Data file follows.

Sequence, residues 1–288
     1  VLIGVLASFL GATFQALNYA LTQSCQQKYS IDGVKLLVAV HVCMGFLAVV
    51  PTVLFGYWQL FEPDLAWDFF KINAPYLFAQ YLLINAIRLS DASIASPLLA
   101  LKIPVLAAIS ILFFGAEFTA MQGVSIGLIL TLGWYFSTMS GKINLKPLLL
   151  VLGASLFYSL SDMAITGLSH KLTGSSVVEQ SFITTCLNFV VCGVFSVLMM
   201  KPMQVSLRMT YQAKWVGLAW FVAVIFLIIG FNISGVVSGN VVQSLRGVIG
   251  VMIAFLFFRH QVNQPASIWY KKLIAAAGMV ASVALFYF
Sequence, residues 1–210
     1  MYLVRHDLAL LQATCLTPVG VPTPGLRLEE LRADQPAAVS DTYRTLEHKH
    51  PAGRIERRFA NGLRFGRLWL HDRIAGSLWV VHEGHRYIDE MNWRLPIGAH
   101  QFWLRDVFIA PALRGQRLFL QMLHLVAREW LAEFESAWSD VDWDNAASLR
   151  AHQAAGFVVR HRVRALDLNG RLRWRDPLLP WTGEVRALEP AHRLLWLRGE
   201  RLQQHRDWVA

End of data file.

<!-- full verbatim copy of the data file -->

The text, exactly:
Sequence, residues 1–288
     1  VLIGVLASFL GATFQALNYA LTQSCQQKYS IDGVKLLVAV HVCMGFLAVV
    51  PTVLFGYWQL FEPDLAWDFF KINAPYLFAQ YLLINAIRLS DASIASPLLA
   101  LKIPVLAAIS ILFFGAEFTA MQGVSIGLIL TLGWYFSTMS GKINLKPLLL
   151  VLGASLFYSL SDMAITGLSH KLTGSSVVEQ SFITTCLNFV VCGVFSVLMM
   201  KPMQVSLRMT YQAKWVGLAW FVAVIFLIIG FNISGVVSGN VVQSLRGVIG
   251  VMIAFLFFRH QVNQPASIWY KKLIAAAGMV ASVALFYF
Sequence, residues 1–210
     1  MYLVRHDLAL LQATCLTPVG VPTPGLRLEE LRADQPAAVS DTYRTLEHKH
    51  PAGRIERRFA NGLRFGRLWL HDRIAGSLWV VHEGHRYIDE MNWRLPIGAH
   101  QFWLRDVFIA PALRGQRLFL QMLHLVAREW LAEFESAWSD VDWDNAASLR
   151  AHQAAGFVVR HRVRALDLNG RLRWRDPLLP WTGEVRALEP AHRLLWLRGE
   201  RLQQHRDWVA